That wasn't even one of the exercises that I was able to replicate, but I did try a few, and they were very affirming. I realized some good things about myself, and it was a boost. Once there is a focus on substance instead of appearance, I come off a lot better. There is another tradition for women where we are not supposed to know good things about ourselves, because that's conceited, but I may be past that too.

I felt better, and yet I still wasn't where I am now. I was on the way. Some of that may just be that even after you have intellectually realized something it still takes time to assimilate it emotionally. I have had some time.

There were other points along the way, and things that made the realizations more clear, and that will be something to post about tomorrow.

Related posts:

Monday, September 11, 2017


I have had a strange realization lately; I don't seem to care that I'm fat anymore.

I have been working on accepting my body, but even in May I wrote that no matter how good I was getting about accepting myself, I still had that desire to be pretty, which meant thin. Now, only a few months later, I don't feel that in me anymore.

I am still aware that I am fat, and that this is not considered conventionally attractive. It is an issue for where I can buy clothes and how strangers may react to me and even how some chairs feel. I know all that, and I don't care. Two people I care about have started another attempt to lose weight, and I feel sorry for them.

I feel sorry because there will be so much deprivation and frustration, and even if they end up making some progress, it will probably come back a bit later plus a few extra pounds; they already hate their current extra. That's exhausting. They are already too tired.

My level of acceptance could relate to being tired. There are so many other things going on that I don't think I have the energy to worry about my size. It is seriously less important than so many other things.

It is not from a surge in confidence. Between the job thing and everything else, I am not feeling on top of the world now. I was feeling that pretty deeply last week, but then I remembered that a lot of this is temporary, and not a reflection on who I am. It's not that this isn't hard - it is still really hard - but I am a good person, and I like myself.

My weight doesn't matter.

There is more to say about that, because I have cared, and there are people that will care, and naturally there are books that have helped me get here. There are probably also things that I will still need to do.

It is nonetheless nice to be able to take a moment and realize that something else that really hurt me has stopped, and to feel amazed and at peace about that.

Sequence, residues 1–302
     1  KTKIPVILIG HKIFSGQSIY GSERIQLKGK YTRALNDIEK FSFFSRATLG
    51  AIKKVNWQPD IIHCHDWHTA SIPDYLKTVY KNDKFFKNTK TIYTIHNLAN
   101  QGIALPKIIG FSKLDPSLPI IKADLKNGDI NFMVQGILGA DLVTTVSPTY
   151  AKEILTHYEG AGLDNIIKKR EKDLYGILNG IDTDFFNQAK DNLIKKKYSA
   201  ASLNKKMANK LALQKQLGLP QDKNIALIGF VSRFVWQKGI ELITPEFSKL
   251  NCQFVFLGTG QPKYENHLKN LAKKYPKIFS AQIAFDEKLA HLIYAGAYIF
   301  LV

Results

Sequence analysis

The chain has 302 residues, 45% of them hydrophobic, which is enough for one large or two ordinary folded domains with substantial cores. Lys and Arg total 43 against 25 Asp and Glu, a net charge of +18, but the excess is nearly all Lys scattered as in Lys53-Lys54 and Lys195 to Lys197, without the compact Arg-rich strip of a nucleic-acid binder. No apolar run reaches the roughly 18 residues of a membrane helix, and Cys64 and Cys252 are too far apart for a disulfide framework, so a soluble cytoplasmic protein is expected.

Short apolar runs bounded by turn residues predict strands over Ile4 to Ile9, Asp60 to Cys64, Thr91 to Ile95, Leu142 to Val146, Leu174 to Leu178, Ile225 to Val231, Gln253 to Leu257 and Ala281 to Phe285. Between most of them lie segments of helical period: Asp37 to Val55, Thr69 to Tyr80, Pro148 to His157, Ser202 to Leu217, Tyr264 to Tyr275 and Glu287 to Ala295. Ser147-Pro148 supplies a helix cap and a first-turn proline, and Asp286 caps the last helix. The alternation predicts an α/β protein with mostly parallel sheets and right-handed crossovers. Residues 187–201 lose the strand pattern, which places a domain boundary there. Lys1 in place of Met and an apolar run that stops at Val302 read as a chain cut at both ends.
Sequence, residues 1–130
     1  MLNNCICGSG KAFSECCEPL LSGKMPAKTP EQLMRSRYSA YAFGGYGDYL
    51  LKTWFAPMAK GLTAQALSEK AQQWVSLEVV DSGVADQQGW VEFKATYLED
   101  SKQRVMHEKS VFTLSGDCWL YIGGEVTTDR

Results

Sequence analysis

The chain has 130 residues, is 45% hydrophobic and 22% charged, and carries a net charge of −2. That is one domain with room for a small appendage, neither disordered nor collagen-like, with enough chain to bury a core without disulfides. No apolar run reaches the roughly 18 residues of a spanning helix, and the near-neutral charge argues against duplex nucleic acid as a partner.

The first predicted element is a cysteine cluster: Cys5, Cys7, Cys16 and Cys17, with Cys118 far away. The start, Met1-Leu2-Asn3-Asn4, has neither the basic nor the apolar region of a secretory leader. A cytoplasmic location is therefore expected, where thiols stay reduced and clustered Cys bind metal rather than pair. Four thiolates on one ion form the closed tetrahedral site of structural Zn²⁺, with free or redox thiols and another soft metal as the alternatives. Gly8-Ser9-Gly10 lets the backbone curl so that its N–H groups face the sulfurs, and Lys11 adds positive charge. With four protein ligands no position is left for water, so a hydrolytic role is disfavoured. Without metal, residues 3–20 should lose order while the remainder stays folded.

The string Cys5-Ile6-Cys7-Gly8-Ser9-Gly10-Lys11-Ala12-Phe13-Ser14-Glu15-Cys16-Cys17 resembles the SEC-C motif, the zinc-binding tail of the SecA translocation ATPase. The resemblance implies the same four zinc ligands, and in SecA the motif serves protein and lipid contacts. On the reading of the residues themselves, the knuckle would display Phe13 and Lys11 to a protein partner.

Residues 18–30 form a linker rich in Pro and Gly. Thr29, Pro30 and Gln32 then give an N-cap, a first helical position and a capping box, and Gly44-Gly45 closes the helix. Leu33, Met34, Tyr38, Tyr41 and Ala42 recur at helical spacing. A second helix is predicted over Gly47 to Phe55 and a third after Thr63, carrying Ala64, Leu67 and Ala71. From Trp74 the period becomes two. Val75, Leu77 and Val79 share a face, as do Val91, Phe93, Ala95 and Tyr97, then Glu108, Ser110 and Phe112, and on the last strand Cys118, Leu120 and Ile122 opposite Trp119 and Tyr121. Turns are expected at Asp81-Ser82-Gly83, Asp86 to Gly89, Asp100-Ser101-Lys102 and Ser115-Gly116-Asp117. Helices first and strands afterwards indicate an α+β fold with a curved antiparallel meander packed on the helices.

Related posts:

Friday, September 08, 2017

Band Review: Ryan Hamilton and The Traitors

I actually was not followed by Ryan Hamilton and The Traitors, but by their street team. However, I think that means Shanna, and I support Shanna, so they get a review.

Ryan Hamilton and The Traitors are currently based in Fort Worth, Texas, but have roots in the UK as well. The Texas connection may be more obvious, as there is a sort of country flair rollicking under the music. It is still absolutely more correct to call them rock than country, but country fans could enjoy it.

(Also, if you remember Rakunk - a Chicago-band reviewed last year - I think the two bands could share fans pretty comfortably:

Good songs to check out include "We Never Should Have Moved to L A" and "The Gulf of Mexico". No, not all titles are place-centric, but those two stood out. I also really liked a live number they did, "Freak Flag".

The band should be a good time, whether recorded or live.

Thursday, September 07, 2017

Band Review: The Merry Jaynz

I admit when I saw "underground swamp rock" I thought that meant zydeco, but The Merry Jaynz are not zydeco. Maybe that is only for Louisiana. The Merry Jaynz are from South Knoxville, Tennessee.

Their red, yellow, and green, along with the name, made me think they might be a little more reggae in nature, or at least hippie. That isn't exactly right either.

As it is, in addition to there being room for different misguided ideas about the band, there is also room for more than one kind of band.

When the songs are instrumental, they are really catchy bass-driven funk. "A Thing" and "Soulmate" have completely different moods and are both excellent.

When voices come in, the instrumentation is the same but the sound is not.

The messages are often on point; "Most of Us (Dead)" sounds horrifyingly accurate. However, the voices are kind of distorted, giving the music an almost psychedelic feel. It reminds me of the music of a lot of my more counterculture friends.

That gives me some guilt about liking the instrumental tracks better, but taste is subjective. I can give The Merry Jaynz credit for filling two very different needs.